By Mark Darwin and Laurence Terret
A policyholder claim for negligence against its insurance broker has failed on the issue of causation even though it proved the broker had been negligent. The decision in Flanagan v Bernasconi is an important reminder that to succeed in actions for professional negligence, it is not sufficient to simply prove a breach of the broker’s duty. The policyholder must also prove that, had the broker fulfilled its duty, it would not have suffered the loss. Usually (as it was in this case) that means proving that an alternative policy was available and at a premium the policyholder would have been prepared to pay, that the terms of that alternative policy would have covered the claim and the amount that the policyholder would have received under the terms of the alternative policy.
The plaintiff owned a property which included a 25-metre swimming pool and surrounding pool enclosure. In 2013, the pool (which was empty) and enclosure were damaged when the pool lifted out of the ground during a heavy rain event. The damage was not covered by the plaintiff’s homeowners’ insurance policy with Vero, which contained a pool exclusion. The plaintiff issued proceedings against the defendant, her insurance broker, who had arranged the policy containing the pool exclusion.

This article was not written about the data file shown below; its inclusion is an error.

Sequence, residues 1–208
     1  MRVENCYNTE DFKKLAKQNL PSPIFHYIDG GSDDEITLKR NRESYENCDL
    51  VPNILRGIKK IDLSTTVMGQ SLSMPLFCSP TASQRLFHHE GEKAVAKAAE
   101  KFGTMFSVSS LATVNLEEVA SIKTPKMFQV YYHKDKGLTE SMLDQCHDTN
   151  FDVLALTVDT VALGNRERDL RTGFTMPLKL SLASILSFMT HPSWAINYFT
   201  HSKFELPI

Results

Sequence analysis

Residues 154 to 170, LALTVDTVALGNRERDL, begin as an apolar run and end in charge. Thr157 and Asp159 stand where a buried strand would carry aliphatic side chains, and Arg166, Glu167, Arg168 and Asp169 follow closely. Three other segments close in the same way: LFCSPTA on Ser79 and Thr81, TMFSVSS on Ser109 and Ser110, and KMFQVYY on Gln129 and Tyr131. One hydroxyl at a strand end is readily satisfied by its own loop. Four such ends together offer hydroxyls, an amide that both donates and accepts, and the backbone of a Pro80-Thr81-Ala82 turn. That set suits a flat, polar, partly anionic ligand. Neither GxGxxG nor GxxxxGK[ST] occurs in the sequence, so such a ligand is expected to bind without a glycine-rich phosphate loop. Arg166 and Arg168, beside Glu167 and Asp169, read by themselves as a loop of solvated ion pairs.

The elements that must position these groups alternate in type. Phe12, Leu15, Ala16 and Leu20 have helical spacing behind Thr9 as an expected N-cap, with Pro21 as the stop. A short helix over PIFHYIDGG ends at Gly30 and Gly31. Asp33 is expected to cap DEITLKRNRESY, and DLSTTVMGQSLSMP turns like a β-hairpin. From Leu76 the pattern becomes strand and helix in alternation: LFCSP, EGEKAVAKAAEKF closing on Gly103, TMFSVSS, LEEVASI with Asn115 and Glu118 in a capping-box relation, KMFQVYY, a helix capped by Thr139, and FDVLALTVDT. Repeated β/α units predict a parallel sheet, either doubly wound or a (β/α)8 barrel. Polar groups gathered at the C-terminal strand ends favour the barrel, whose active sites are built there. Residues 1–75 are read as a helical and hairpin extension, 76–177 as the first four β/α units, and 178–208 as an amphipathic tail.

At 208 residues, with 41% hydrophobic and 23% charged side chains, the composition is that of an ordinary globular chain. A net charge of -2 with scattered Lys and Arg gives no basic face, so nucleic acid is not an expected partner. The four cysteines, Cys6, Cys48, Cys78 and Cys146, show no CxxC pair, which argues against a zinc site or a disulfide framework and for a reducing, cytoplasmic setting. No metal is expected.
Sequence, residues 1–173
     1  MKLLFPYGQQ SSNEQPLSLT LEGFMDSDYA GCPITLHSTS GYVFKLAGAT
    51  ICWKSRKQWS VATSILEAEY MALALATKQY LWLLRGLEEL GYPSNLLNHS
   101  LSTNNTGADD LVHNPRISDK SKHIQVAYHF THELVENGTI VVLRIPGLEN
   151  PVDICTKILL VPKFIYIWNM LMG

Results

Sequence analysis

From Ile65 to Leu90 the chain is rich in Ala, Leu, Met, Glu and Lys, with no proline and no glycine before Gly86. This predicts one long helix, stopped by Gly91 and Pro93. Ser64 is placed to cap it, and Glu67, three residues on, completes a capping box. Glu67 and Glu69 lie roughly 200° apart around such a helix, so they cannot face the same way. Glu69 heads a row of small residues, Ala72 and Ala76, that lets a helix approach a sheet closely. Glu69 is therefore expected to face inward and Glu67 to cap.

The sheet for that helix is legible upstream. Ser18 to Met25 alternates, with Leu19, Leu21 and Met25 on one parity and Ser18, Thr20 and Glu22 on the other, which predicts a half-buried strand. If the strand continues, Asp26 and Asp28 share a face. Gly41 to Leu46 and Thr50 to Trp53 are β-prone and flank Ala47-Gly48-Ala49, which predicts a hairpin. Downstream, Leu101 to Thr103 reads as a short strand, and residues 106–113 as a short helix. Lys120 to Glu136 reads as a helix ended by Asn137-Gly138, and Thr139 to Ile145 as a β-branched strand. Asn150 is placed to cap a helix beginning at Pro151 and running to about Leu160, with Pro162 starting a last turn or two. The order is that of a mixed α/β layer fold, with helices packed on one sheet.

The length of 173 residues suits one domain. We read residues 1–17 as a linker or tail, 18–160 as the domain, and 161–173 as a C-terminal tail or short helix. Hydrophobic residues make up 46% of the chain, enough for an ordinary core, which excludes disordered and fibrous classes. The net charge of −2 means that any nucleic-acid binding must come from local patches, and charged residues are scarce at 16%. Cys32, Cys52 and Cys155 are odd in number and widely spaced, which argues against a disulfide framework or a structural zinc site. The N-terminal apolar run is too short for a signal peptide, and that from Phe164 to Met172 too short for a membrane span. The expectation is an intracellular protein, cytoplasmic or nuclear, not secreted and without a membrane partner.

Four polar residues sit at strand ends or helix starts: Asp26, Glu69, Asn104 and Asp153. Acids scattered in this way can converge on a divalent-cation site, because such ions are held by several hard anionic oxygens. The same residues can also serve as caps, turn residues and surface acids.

The duty owed by insurance brokers to their clients was common ground between the parties and the judgment contains a useful summary of those duties, which were summarised in Horsell International. These duties include:
- to exercise all reasonable care and skill, both in advising the client and in obtaining appropriate insurance cover;
- if what is required cannot be obtained, to report in what respects the cover has failed and seek alternative instructions;
- to draw to the client’s attention any unusual or onerous terms and explain their nature and effect; and
- in the case of ambiguous instructions, to clarify the instructions and draw attention to the consequences of them. While the broker’s duty does not include expounding the law, it does extend to pointing out legal pitfalls.
On the facts of the case, it was common ground that the defendant did not advise the plaintiff of the existence and effect of the pool exclusion, or that other insurers had offered cover which did not contain the exclusion. After the defendant was cross-examined, the defence conceded that the duty owed to the plaintiff had been breached.